The Israeli author Meir Shalev, in his first book on the Bible, has a brilliant interpretation of the life and death of King David’s top military officer. The narration is fascinating from top to bottom — animating the unholy alliance between “the hypocritical and manipulative” prophet Nathan and the devious Bathsheba, who marries her husband’s murderer and then seeks to see her son, Solomon, rule. But the relevant section here, on the day that Defense Minister Moshe Ya’alon is officially ousted from office, is the Bible’s last words on the great general: “And he was buried in his home in the desert.”
Yoav Ben Zeruya, the son to the king’s sister, and the man whose death David ordered in his last will and testament, lived in the capital during his many years of loyal and cruel and bloody service to the crown, but he kept his home in the wilderness, Shalev notes. “He remained the son of Zeruya, the courageous and honest man from the desert,” Shalev writes. “Perhaps that is what made him such a great military officer; and clearly it was what made him such a small politician.”
Ya’alon on Friday, looking somber and speaking quietly, announced that he was leaving office and will presumably return to his kibbutz in the desert [he does have a home in the center of the country, too]. He indicated that a time would come in which he would return to the political fray. It is an area in which his acumen is unproven.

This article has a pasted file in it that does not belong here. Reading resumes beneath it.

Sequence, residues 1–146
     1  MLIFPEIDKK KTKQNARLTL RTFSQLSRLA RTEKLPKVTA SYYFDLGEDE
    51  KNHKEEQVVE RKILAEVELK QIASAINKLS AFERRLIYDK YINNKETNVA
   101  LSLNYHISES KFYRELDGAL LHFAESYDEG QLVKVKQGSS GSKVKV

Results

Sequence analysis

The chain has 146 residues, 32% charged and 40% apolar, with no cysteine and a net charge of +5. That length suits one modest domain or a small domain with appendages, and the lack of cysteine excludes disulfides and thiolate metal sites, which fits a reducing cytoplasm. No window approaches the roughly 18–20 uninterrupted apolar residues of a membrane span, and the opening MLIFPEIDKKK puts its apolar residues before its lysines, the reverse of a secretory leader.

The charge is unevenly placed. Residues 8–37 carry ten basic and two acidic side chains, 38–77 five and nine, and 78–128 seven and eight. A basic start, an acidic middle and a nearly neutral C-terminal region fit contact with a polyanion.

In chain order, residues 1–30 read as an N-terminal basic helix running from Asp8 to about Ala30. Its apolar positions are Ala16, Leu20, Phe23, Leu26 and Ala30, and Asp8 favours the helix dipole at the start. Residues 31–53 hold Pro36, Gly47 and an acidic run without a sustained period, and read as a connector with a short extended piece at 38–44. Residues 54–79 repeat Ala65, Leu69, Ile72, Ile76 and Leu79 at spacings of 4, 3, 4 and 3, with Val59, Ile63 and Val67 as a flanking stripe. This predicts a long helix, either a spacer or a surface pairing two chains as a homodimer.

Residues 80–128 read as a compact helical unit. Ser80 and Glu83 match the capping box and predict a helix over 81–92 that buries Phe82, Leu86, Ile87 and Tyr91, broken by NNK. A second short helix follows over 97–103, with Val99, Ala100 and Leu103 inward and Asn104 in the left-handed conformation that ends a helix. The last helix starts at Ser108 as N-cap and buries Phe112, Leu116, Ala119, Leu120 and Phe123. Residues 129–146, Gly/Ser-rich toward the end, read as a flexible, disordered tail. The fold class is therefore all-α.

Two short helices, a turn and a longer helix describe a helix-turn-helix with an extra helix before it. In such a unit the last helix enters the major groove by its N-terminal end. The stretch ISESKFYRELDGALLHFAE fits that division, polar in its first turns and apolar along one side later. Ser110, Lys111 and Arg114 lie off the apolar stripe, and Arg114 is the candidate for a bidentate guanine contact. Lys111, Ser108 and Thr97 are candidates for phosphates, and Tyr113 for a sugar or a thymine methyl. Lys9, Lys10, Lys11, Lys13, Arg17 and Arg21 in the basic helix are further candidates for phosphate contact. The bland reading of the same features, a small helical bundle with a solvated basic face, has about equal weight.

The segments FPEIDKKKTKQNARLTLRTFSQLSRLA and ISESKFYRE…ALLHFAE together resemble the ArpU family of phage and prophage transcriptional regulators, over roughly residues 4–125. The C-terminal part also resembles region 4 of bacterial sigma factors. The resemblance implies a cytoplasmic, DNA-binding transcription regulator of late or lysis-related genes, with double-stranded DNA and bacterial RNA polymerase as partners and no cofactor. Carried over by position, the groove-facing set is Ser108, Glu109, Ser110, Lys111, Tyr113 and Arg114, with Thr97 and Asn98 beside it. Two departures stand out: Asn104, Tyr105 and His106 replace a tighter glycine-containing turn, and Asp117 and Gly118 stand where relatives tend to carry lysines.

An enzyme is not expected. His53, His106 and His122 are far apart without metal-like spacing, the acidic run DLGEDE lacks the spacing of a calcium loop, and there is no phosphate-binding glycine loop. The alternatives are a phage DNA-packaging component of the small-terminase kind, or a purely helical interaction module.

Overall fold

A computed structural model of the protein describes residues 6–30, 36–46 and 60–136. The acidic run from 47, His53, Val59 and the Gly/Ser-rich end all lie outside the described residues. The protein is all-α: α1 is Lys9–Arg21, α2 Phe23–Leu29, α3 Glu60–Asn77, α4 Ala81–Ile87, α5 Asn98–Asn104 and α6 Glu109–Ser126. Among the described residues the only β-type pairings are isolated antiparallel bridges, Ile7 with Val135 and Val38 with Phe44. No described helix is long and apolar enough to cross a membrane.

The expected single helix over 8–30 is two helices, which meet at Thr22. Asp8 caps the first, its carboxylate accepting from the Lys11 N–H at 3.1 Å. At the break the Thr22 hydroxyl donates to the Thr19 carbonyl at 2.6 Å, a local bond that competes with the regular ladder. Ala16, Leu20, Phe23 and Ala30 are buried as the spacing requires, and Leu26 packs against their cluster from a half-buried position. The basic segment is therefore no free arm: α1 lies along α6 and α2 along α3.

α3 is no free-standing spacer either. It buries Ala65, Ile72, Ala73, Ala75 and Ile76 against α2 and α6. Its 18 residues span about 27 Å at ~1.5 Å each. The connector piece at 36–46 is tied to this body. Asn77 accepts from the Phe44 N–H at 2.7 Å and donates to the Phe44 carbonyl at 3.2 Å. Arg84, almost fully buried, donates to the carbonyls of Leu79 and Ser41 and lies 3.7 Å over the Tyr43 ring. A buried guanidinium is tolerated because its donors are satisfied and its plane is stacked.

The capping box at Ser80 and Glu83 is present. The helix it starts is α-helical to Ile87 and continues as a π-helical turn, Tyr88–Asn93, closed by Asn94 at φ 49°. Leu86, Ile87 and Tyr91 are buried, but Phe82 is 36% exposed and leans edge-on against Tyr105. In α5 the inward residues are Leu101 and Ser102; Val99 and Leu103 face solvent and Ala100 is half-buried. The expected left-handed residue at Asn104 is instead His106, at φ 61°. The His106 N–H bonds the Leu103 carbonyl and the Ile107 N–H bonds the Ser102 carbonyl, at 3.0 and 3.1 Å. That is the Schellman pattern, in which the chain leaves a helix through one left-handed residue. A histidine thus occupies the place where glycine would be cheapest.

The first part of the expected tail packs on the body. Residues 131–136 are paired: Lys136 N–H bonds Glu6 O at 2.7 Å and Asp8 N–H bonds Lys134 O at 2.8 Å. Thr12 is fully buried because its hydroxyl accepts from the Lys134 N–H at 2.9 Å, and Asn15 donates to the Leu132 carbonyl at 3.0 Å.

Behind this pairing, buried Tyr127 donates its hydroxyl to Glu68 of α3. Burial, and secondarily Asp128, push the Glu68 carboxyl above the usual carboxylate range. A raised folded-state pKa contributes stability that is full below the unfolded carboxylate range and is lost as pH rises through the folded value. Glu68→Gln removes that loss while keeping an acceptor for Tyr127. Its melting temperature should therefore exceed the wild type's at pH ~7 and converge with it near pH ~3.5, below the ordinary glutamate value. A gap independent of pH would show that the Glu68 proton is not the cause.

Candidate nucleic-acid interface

As a defense official, though, his legacy will be marked by three events: the handling of the war in Syria, the Gaza war in the summer of 2014, and his position, both political and operational, regarding the rising tide of far-right sentiment. I’ll address them in order.
Defense ministers are often judged by their conduct during wars. Ya’alon’s greatest achievement, it would seem, has been the masterful way he has, since taking office in March 2013, kept Israel out of the war in Syria, even as Hezbollah pushed and poked at Israel’s red lines.
The events of January 18, 2015, are instructive. On a Sunday afternoon, a few miles east of Quneitra on the Syrian side of the Golan Heights near the Israeli Druze town of Massadeh, a pair of aircraft tracked and destroyed two moving vehicles. The cars set out from Beirut at the behest of Qods Force commander Qassem Soleimani and were carrying not only several senior Hezbollah commanders, but also an Iranian general. Mohammad Ali Allahdadi, a general in Iran’s Qods Force, was killed. So, too, was Jihad Mughniyeh, a Hezbollah official whose father was the organization’s chief military commander. The Syrian rebels in this area do not have aircraft. The Syrian regime is aligned with Hezbollah. There was only one actor who could have carried out this strike.
The following day, as war drums started to beat, an Israeli security source told Reuters that the Iranian general was not the target of the strike. It seemed to be an admission of ignorance, an anonymous apology. A few days later, Ya’alon sat for an interview with Army Radio. The first question was, Did you know who was in the car? Ya’alon, with none of the preening that these questions sometimes promote, said that the Defense Ministry had issued a statement contradicting the Reuters report and claiming that it had not come from the IDF or the Defense Ministry. “I think the clarification is sufficient to clarify the matter,” he said.